I disagree. I think this is in responce to political presure to downsize adn marginalize CCDev. Congres has been adament for years that they did not want CCDeve taken as a serious option for crew carry. Given the failure of the COTS contract to be cost competative even with shuttle, even after getting a lot of cost cuttingadvantages under SAA; its not unreasonable to lookfor a political out to CCDev – and certainly NASA must realize the high political risk to them if they actually flew anyone on CCDev and had any problem.

  • Fred Willett

    Given the failure of the COTS contract to be cost competative even with shuttle,….
    Cost of COTS $3.5B for 6 years.
    Shuttle $18B for 6 years.
    The figures given at the House hearing were fudged. Max load for shuttle (excluding MPLM)
    Minimum load for Commercial AND assuming shuttle only gets to fly twice and not the 3-4 monthly supply missions of commercial resupply.

  • This may be the wonderful weblog for anybody who desires to seek out out about this subject. You acknowledge lots its nearly arduous to argue with you (not that I severely would want…HaHa)!!! You certainly put a model new spin on a topic thats been written about for decades. Good things, merely good!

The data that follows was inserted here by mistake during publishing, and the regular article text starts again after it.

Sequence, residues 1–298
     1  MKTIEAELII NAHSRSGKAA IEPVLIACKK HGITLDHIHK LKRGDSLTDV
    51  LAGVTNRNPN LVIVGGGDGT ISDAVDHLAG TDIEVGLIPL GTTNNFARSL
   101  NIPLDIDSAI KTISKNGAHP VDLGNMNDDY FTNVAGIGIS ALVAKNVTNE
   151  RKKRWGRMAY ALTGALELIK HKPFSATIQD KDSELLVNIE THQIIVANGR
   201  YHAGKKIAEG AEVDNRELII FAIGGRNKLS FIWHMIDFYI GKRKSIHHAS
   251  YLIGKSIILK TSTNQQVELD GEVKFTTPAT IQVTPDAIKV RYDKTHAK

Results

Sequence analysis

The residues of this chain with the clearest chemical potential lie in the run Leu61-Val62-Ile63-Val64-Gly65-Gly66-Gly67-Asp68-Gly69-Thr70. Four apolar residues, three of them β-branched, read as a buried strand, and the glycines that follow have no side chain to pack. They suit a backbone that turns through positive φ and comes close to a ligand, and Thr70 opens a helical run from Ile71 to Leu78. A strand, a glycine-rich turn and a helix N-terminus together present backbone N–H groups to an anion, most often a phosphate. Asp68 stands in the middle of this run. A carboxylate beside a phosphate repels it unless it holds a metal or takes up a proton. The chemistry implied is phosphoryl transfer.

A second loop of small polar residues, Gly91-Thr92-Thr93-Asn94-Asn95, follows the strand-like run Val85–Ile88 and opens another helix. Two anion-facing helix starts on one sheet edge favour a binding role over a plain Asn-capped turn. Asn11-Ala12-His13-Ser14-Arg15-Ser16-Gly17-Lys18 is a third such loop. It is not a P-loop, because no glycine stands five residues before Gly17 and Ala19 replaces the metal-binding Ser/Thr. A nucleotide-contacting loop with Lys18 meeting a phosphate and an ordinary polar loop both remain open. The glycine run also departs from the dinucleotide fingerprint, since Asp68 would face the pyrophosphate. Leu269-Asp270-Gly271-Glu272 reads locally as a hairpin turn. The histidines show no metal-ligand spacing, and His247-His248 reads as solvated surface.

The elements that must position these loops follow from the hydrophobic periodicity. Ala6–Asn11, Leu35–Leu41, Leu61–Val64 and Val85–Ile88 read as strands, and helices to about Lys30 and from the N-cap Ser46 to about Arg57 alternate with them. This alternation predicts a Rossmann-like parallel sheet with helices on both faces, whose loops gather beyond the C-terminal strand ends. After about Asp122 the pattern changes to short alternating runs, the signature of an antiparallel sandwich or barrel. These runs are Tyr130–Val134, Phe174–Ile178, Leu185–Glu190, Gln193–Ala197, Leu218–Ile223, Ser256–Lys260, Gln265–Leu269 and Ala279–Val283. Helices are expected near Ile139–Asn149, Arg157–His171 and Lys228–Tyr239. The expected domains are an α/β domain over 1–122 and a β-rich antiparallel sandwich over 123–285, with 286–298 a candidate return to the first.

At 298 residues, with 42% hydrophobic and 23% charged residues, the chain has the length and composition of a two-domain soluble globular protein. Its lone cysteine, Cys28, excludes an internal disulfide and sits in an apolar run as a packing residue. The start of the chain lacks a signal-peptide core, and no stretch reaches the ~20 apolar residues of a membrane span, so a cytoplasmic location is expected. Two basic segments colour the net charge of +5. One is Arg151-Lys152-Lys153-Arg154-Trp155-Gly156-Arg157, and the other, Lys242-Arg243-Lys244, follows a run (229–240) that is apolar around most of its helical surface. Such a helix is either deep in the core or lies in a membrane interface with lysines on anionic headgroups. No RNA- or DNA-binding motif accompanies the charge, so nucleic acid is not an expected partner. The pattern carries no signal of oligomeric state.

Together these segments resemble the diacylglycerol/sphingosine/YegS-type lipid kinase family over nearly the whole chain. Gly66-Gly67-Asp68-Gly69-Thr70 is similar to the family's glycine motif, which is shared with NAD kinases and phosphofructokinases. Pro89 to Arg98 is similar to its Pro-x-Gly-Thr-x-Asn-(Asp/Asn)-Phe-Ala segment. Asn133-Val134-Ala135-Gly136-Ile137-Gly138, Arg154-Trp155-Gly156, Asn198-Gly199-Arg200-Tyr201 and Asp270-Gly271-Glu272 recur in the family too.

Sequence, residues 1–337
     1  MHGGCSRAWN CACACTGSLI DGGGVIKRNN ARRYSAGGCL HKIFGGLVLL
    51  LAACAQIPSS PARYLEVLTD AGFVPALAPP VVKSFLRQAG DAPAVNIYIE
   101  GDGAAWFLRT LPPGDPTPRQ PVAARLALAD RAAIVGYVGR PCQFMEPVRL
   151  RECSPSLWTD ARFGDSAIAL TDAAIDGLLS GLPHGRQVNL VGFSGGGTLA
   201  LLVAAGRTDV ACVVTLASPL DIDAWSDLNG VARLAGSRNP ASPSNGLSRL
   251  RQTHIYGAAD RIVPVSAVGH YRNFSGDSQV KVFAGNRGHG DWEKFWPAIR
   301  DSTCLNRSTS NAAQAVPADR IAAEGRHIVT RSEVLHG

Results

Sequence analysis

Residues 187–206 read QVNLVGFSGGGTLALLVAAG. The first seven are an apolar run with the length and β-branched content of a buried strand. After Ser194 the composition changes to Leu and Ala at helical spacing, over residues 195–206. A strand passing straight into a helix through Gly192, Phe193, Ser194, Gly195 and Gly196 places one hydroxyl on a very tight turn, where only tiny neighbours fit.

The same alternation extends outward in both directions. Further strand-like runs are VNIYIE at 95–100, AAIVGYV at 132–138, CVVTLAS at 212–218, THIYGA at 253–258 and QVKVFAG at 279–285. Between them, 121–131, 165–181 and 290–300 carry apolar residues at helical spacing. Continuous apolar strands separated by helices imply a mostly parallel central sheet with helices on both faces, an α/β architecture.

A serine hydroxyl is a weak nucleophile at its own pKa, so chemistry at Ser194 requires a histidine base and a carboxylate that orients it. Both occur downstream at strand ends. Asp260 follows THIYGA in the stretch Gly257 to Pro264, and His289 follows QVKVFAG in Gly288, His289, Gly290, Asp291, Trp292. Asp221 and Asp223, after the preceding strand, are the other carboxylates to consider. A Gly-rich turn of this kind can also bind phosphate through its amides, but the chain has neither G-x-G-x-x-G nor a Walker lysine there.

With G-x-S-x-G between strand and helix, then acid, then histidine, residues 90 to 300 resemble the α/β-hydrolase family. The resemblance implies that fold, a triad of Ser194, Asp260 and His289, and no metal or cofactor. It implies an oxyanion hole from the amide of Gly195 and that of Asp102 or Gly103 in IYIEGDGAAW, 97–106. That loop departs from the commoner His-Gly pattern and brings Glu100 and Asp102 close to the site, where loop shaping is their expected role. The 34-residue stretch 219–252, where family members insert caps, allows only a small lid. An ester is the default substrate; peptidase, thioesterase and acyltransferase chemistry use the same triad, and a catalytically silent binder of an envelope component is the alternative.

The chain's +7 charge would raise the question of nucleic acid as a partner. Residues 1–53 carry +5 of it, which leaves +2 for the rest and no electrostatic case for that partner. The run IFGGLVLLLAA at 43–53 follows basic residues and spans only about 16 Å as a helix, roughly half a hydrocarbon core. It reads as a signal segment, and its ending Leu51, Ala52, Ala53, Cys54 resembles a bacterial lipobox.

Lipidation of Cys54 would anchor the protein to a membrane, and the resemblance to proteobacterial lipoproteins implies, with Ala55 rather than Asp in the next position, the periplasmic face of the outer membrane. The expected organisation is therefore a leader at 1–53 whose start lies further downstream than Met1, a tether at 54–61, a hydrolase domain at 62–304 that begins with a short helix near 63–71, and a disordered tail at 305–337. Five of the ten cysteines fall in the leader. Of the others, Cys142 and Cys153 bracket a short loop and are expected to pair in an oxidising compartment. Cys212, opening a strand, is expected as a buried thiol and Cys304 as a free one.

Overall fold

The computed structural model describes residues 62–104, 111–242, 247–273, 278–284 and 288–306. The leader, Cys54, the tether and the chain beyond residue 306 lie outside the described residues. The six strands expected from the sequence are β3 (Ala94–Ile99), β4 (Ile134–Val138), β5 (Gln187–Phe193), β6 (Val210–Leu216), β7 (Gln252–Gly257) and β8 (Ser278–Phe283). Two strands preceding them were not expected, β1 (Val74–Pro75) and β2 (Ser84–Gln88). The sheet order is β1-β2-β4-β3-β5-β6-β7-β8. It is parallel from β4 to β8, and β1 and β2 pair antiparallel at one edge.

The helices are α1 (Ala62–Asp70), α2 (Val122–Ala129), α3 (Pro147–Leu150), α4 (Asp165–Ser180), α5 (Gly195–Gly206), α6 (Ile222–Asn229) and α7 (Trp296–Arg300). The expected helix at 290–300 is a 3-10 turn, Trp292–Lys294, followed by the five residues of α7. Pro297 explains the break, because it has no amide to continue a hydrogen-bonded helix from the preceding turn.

Readers: the rules for commenting!


No registration is required. I welcome all opinions, even those that strongly criticize my commentary.


However, name-calling and obscenities will not be tolerated. First time offenders who are new to the site will be warned. Second time offenders or first time offenders who have been here awhile will be suspended for a week. After that, I will ban you. Period.


Note also that first time commenters as well as any comment with more than one link will be placed in moderation for my approval. Be patient, I will get to it.

Leave a Reply

Your email address will not be published.